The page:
Joseph always loved being here and it was the memory of this place that he would conjure up when stuck on the subway in New York. It made those crowded moments bearable. ‘Wouldn’t it be great if you could bottle it?’ he often asked himself. Fresh Sea Air – who wouldn’t want some of that? It was a cracking idea and he smiled at the thought of seeing travellers on the sweat subway sniffing the fresh air of Dublin Bay. Flann O’Brien would, no doubt, have something pithy to say about ‘such an invention’ but then people were now buying and carrying around bottles of water. That was a surprise, and maybe another was coming. One day, perhaps.
‘Never guess who I bumped into the other day?’ Ted said when they sat down at the end of the pier.
Joseph shrugged. ‘No, who was it? Bono?’
Ted laughed. ‘Would you stop for God’s sake.’ He coughed and put his hand to his mouth. ‘I met Catherine, your old flame.’
Joseph’s heart missed a beat. ‘Oh, yeah.’
Ted leaned close. ‘She’s looking well…and she said to say ‘Hello’.’
Joseph slapped Ted on the shoulder. ‘You’re messing, I know you.’
Ted laughed. ‘I’m not, honest.’ He turned to Joseph. ‘I’m not making this up, I wouldn’t do that. Come on, man!’
They had been friends for over twenty years and Joseph knew that Ted wasn’t joking. It was good to hear about Catherine but what did it matter.
They watched in silence as a tanker headed for Dublin Port, and the colourful sails of a yacht filled as it cut across the water. He saw it all but he was soon lost in thought. He was back on that day. He couldn’t stop it and like a film director watching a story unfold, it all came rushing back.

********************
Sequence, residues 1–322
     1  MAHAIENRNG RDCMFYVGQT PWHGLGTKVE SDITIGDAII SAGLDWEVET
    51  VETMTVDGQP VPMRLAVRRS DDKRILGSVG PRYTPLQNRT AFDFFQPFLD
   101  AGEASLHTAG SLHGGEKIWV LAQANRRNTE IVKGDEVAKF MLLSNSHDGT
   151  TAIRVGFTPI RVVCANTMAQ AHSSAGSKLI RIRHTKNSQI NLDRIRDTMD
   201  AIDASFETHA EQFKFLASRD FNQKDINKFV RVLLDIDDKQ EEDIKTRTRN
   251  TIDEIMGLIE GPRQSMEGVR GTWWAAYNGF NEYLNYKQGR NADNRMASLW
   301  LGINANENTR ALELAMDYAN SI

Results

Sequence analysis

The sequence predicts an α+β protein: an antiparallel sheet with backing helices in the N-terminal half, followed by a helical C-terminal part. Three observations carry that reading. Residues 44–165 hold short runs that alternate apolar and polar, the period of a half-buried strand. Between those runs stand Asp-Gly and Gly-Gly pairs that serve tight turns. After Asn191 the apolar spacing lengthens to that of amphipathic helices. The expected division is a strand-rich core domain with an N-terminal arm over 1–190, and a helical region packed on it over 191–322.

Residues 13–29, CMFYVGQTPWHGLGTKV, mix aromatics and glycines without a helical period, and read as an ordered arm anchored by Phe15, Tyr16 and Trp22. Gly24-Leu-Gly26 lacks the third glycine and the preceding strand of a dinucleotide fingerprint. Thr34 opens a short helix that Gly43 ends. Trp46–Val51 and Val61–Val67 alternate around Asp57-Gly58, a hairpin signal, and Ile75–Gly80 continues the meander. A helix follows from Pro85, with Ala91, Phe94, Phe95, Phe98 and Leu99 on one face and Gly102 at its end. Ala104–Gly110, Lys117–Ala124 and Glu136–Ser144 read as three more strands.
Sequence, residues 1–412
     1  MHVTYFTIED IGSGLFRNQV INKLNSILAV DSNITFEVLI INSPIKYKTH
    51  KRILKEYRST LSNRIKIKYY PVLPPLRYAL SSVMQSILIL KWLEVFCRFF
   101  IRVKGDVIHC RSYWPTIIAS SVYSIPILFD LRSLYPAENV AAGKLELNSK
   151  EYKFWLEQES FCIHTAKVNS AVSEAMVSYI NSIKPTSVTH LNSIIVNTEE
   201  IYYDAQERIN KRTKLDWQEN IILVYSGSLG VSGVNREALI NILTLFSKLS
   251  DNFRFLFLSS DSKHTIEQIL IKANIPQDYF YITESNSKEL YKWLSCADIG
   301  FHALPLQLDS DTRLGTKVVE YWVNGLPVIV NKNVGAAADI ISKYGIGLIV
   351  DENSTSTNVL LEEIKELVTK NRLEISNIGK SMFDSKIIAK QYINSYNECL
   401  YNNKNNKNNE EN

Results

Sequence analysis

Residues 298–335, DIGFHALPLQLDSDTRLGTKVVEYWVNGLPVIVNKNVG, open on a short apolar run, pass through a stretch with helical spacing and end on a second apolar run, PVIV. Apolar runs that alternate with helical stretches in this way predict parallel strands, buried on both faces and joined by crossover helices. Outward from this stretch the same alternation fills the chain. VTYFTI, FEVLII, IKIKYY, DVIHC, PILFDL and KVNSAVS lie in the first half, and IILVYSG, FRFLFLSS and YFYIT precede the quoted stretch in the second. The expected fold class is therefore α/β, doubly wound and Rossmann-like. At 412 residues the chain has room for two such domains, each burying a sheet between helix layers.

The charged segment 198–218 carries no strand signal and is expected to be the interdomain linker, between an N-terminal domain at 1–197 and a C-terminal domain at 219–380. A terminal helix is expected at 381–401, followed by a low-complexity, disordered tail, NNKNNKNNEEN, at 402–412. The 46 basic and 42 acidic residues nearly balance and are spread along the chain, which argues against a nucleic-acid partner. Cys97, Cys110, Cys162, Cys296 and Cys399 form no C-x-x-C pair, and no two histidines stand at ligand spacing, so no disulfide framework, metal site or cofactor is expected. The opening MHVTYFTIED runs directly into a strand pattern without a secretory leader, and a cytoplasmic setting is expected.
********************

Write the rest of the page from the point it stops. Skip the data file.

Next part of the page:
‘Why?’ he said.
Catherine sniffled and wiped an eye with the back of her hand. ‘I’m sorry, really, really sorry.’ Another sniffle. ‘It’s my fault, it’s got nothing to do with you…you are the nicest guy that I know…the nicest that I’ve ever met!’
Joseph felt numb.
‘It’s just that…oh, I don’t know how to say what I’m thinking…. I’m confused!’
He didn’t hear much more, at least he couldn’t remember what she had said, as he was too upset by the icy words. The world around him was quiet but he was mind was spinning.
Joseph turned and realised that Ted was speaking. ‘Sorry, what did you say?’
‘I said, I’ve met her a few times in the last year or so, and she always asks for you.’
‘That’s nice to know, but…… isn’t she happily married?’
‘Well, from what I learned she’s now happily divorced. Apparently the marriage went pear-shaped after a few years and her husband turned out to be a nasty piece of work.’ He gave a little shrug. ‘You never know, do you?’
‘No you don’t…and aren’t you full of surprises, eh?’
Ted leaned back against the granite wall. ‘Hey, I just thought I’d pass it on.’
They sat in silence and watched more yachts heading out to sea, their sails filling in the stiffening breeze. It was a beautiful scene and another one for Joseph to recall deep beneath the streets of New York.

Sandymount Strand

Sandymount Strand

The following summer Joseph realised that his mother was not as strong as he always hoped she would be and he decided to return to Dublin. He had been away a long time, but with the opportunity of setting up a branch of the business in his home town, he decided to go home. He had done well in New York and now he was looking forward to going home and the new challenge that lay ahead.